Assuming the strictest position is automatically more correct on the basis of strictness alone is too simplistic. Muslims must acknowledge there are women who have a valid excuse to seek an abortion, as defined by the valid opinion they follow or if they are in a severe circumstance seeking dispensation from a Mufti/Muftiyyah, needing safe medical care. The degree of opposition and dissent from the consensus of today is not automatically closer to tradition.
Leaving the in-depth elaboration and contours of specific schools’ positions on abortion to the qualified, I briefly refer to Dr. Omar Suleiman who writes that after 40 days from conception, most scholars agree abortion is impermissible “unless a pressing need exists”, and 120 days after conception there is a consensus that abortion is categorically forbidden (unless it would endanger the mother’s life). This means that most abortions today after four months are an assault on innocent life, and subsequently there is a moral obligation for Muslims to stand against this injustice. This deviates sharply from many abortion advocates, whose premise rests on the individualist, “my body my choice” doctrine, regardless of personal moral beliefs.
Additionally, where these positions fall onto a spectrum of “strict” to “progressive” is subjective. Even if Muslims in America assume the most “lenient” position, its limitations would likely not be accepted by the average secular-liberal in the pro-choice camp, who would either consider most limitations outlined under Islamic law arbitrary or a violation of women’s rights by virtue of them being “restrictive” i.e not solely dependent on the choice of a woman.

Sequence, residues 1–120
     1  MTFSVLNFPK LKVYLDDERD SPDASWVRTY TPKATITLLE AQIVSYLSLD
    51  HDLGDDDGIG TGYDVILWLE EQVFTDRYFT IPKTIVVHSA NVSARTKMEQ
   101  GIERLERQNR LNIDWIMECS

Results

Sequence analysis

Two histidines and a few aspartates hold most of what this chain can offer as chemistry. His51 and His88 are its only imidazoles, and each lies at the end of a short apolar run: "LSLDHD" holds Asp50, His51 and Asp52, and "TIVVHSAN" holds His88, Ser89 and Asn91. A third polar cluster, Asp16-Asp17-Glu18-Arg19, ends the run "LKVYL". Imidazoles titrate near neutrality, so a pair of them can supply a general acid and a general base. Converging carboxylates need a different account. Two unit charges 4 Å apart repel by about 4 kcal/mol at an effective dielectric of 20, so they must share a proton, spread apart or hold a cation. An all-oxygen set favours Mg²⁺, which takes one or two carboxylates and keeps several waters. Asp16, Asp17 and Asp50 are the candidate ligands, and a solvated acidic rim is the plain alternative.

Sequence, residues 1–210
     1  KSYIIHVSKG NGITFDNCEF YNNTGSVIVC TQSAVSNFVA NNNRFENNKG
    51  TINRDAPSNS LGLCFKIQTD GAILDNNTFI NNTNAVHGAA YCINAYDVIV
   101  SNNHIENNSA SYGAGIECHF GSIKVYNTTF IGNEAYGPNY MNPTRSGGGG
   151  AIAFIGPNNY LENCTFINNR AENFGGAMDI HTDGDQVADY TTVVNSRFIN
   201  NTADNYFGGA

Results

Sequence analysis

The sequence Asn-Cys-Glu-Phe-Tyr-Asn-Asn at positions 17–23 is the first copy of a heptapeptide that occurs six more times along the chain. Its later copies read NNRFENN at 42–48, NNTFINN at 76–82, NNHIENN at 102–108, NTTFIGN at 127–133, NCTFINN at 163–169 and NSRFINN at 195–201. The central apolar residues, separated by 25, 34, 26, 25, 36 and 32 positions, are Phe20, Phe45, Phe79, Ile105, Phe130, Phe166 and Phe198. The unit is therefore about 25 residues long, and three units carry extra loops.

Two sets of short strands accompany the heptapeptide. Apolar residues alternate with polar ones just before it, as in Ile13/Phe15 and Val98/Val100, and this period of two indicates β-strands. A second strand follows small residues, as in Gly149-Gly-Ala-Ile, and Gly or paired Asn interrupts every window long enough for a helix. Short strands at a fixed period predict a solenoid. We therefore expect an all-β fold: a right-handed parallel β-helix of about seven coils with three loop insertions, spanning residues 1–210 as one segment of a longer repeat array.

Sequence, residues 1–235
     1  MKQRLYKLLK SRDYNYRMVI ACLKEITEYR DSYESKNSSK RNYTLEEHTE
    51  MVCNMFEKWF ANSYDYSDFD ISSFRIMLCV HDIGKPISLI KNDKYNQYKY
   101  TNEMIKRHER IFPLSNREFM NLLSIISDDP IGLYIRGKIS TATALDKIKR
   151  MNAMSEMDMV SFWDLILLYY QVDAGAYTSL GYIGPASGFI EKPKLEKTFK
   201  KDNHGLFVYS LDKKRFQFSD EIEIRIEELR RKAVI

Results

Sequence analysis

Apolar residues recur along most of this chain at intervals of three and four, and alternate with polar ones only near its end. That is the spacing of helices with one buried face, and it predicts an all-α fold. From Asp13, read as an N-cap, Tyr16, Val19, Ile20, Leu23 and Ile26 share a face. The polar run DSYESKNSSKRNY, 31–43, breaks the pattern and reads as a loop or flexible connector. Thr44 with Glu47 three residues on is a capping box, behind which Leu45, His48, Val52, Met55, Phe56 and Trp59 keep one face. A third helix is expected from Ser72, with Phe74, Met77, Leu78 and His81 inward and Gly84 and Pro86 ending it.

One objection to the above is that if there are opinions are more “lenient” than others, then there is an overlap in permissibility with the pro-choice camp; hence, it shouldn’t be an issue to say Islam is not anti-abortion, or is even pro-choice. However, one could respond by presenting the “strict” opinions and conclude that Islam is anti-abortion. An arguable overlap in endpoints alone cannot entail an automatic endorsement, and there are implications of these word-choices that associate moral premises to us that we don’t agree with, especially as the contours of the debate have changed over the past few decades. The policies they support are a reflection of the ideology at play. We ultimately approach abortion from a different framework: we believe there are metaphysical and moral implications to consider, and firmly acknowledge the concept of ensoulment and sin as understood in the Islamic tradition. Limiting the discussion to “personal choice as long as one harms no other” is at odds with a Muslim perspective that acknowledges the rights of a fetus over the parents, morality in ultimately submitting Allah’s guidance, and contest the individualism that grants every private actor no responsibility to anyone else.